President Trump is well known for his brash and confrontational style of governing – but it could be the more diplomatic side of his administration generating some of the biggest victories in 2017.
Amid all the debate over issues like the travel ban, the border wall and health care, senior officials in the White House and State Department have quietly worked behind the scenes to resolve a major concern of the president: securing the release of American citizens detained by foreign governments and terror groups.
“Immediately after President Trump took office, he told Secretary [of State Rex] Tillerson to prioritize bringing home Americans who’ve been wrongfully detained or held hostage in foreign countries,” State Department spokeswoman Heather Nauert told Fox News in an email. “We are proud that we’ve been able to secure the release of several Americans as a result of U.S. diplomatic efforts.”
While the administration has been successful in securing the release of numerous Americans held abroad, officials noted there are at least 10 other U.S. citizens – like Joshua Holt in Venezuela – who are being wrongly detained.
“The work, however, is not complete as we continue to press foreign governments for the release of other wrongly held U.S. citizens,” Nauert said.
From college students who ran afoul of the law abroad to a family held for years by a terror group, here is a look at some of the most prominent Americans freed from captivity in 2017.
Otto Warmbier: One of the most highly publicized cases was that of University of Virginia student Otto Warmbier – it was also one of the most tragic, as he died shortly after his return.
The American student, who was sentenced to 15 years of hard labor in North Korea for allegedly attempting to steal a political banner from his Pyongyang hotel, was held by the North Korean government for more than a year.
After diplomatic talks between Washington and Pyongyang, Warmbier was medically evacuated from North Korea on June 13 in a state described as “unresponsive wakefulness.”
While there was no physical evidence he was beaten by his captors, doctors in the U.S. noted that Warmbier had suffered “extensive loss of brain tissue,” suggesting he had lost blood supply to his brain for a period of time. The North Koreans claimed Warmbier had suffered from botulism and then slipped into a coma after taking a sleeping pill, but U.S. doctors said that their examination showed no evidence of botulism, the strong neurotoxin produced by a bacterium. He died shortly after his return to the U.S. at the age of 22.
Caitlan Coleman and Joshua Boyle: Coleman and her Canadian husband, Boyle, were kidnapped in October 2012 by the Taliban-affiliated Haqqani network while on a backpacking trip that took them into Afghanistan. Held by the terror group for five years, the couple had three children while in captivity before being rescued as their captors attempted to move them across the border to Pakistan.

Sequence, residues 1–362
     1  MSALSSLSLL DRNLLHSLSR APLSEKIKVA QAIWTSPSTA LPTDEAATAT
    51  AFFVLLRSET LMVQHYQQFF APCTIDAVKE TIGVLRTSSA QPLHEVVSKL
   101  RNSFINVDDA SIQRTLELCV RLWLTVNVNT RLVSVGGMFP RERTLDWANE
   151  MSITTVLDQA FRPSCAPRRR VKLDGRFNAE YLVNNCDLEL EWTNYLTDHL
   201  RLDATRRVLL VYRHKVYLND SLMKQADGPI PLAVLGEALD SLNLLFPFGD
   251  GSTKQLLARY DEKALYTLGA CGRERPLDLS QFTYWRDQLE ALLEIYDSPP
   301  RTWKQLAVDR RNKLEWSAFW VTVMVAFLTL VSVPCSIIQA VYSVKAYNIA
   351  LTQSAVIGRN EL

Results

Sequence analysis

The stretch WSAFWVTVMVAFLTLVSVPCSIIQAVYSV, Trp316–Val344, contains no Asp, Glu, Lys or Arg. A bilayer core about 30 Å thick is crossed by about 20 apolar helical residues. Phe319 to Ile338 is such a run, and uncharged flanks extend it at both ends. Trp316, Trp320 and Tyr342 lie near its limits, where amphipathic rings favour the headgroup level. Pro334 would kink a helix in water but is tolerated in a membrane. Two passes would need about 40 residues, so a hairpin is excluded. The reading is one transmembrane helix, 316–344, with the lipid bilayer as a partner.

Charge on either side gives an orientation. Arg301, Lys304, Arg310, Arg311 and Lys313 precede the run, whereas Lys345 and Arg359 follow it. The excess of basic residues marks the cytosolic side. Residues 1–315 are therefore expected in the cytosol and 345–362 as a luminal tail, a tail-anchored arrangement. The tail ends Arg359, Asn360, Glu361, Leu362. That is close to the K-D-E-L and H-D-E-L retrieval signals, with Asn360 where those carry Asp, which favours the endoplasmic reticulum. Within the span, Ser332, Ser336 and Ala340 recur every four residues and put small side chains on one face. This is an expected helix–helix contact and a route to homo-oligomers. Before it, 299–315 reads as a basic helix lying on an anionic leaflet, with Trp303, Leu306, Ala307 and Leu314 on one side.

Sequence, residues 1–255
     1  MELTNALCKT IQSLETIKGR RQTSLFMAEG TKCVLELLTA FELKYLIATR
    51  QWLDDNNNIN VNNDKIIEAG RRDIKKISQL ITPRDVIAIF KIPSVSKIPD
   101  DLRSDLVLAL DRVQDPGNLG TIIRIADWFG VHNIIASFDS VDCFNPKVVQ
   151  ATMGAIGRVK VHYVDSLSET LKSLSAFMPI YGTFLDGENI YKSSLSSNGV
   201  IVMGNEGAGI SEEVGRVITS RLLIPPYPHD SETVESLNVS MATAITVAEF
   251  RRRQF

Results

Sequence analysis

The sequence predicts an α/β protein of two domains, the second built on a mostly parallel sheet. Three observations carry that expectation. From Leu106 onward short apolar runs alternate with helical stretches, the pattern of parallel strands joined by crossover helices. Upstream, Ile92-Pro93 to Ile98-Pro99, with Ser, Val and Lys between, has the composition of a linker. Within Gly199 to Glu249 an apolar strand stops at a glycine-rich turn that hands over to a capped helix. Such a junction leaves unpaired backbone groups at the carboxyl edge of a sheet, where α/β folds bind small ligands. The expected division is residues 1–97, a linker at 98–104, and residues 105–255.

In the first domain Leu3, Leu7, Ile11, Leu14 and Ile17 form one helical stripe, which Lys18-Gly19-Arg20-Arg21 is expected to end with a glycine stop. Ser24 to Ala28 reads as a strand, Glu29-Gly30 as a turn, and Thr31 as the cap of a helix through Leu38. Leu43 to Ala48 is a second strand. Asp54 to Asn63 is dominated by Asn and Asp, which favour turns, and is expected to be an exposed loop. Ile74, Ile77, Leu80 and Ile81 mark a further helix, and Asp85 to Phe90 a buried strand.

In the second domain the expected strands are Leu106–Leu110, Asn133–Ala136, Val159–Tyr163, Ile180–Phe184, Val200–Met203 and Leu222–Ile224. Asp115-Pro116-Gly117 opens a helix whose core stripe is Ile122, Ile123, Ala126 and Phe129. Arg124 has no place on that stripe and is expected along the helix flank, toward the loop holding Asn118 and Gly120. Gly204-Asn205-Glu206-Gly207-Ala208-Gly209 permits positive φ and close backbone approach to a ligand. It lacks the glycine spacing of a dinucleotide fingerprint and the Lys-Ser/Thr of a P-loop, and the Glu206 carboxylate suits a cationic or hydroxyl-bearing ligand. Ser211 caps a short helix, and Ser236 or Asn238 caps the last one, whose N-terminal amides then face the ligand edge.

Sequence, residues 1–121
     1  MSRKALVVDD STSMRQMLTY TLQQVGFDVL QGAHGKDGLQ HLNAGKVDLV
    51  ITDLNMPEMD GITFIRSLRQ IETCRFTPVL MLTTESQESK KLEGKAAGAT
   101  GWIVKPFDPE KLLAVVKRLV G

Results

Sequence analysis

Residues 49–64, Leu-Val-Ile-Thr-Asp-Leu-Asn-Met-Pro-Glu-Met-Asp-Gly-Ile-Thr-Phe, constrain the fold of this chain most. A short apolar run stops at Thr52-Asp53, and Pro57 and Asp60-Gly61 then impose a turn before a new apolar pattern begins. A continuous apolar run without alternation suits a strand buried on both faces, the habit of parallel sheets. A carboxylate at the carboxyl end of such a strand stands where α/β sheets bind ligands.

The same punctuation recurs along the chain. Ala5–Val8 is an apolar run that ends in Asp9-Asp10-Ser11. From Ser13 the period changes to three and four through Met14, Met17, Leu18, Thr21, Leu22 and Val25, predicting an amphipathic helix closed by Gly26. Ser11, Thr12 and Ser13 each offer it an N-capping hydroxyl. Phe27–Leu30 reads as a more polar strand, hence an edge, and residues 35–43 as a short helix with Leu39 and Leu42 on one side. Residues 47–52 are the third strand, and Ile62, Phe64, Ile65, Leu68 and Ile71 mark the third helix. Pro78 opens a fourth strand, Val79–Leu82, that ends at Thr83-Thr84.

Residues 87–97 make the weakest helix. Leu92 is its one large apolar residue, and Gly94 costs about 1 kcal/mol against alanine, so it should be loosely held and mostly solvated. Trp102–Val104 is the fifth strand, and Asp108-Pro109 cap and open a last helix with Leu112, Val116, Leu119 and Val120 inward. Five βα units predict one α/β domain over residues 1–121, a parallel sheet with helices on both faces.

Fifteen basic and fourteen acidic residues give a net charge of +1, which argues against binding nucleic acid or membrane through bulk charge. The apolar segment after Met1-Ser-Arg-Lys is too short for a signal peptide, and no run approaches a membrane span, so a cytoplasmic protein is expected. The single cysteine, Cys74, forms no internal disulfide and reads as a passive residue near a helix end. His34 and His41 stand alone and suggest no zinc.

After getting the go-ahead from Trump, Secretary of State Rex Tillerson and Defense Secretary James Mattis, U.S. diplomats and military officials gave Pakistan an ultimatum: either they rescue the family or the U.S. would carry out the operation themselves. Pakistani forces eventually stopped a car suspected of carrying the family and found Coleman, Boyle and the children stuffed in the trunk.
Sabrina De Sousa: The former CIA agent was set to be extradited from Portugal to Italy over the kidnapping of a Muslim cleric before an “extraordinary” effort by the Trump administration back in March won her a last-minute reprieve.
De Sousa was one of 26 people convicted in absentia for the 2003 abduction of radical Egyptian cleric Osama Mustapha Hassan Nasr, also known as Abu Omar. He was then transported for interrogation to his native Egypt, where he says he was tortured.
While the White House remained mum on its role in the affair, former Rep. Pete Hoekstra, R-Mich., a spokesman for De Sousa, said officials within the Trump White House worked to block her extradition. “I can confirm that this wouldn’t have happened without extraordinary help from the Trump administration,” Hoekstra told Fox News.
Aya Hijazi: Shortly after President Trump met with his Egyptian counterpart Abdel Fattah el-Sissi in April, the country released Egyptian-American charity worker Aya Hijazi from prison after nearly three years of detention. Hijazi and her husband had established a foundation to aid street children, but were arrested along with six others in 2014.
The White House again kept quiet about its role in Hijazi’s release – noting only that the case was on the agenda when Trump met with el-Sissi – but the president personally dispatched a U.S. government plane to Cairo to bring Hijazi and her husband back to the U.S. and personally met with her soon after she was acquitted in Egypt of charges of child abuse that were widely dismissed as bogus by human rights groups and U.S. officials.
UCLA Basketball Players: Trump personally took credit for the release of three UCLA basketball players held in China for shoplifting after the president asked Chinese leader Xi Jinping to release them from custody.
The three players – LiAngelo Ball, Cody Riley and Jalen Hill – were accused of stealing designer sunglasses from a Louis Vuitton store next to the team’s hotel in Hangzhou. UCLA was in China to play their season opener against Georgia Tech in Shanghai, which it won, 63-60.
“To the three UCLA basketball players I say: You’re welcome, go out and give a big Thank You to President Xi Jinping of China who made your release possible and, HAVE A GREAT LIFE!” Trump tweeted after the players had returned to the U.S. “Be careful, there are many pitfalls on the long and winding road of life!”
The successful release eventually gave way to a feud between Trump and one player’s father whom Trump accused of being “ungrateful.”
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